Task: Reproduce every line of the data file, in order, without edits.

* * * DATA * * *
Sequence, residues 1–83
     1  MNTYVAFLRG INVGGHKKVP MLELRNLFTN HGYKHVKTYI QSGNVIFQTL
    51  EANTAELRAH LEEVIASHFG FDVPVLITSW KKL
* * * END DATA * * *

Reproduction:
Sequence, residues 1–83
     1  MNTYVAFLRG INVGGHKKVP MLELRNLFTN HGYKHVKTYI QSGNVIFQTL
    51  EANTAELRAH LEEVIASHFG FDVPVLITSW KKL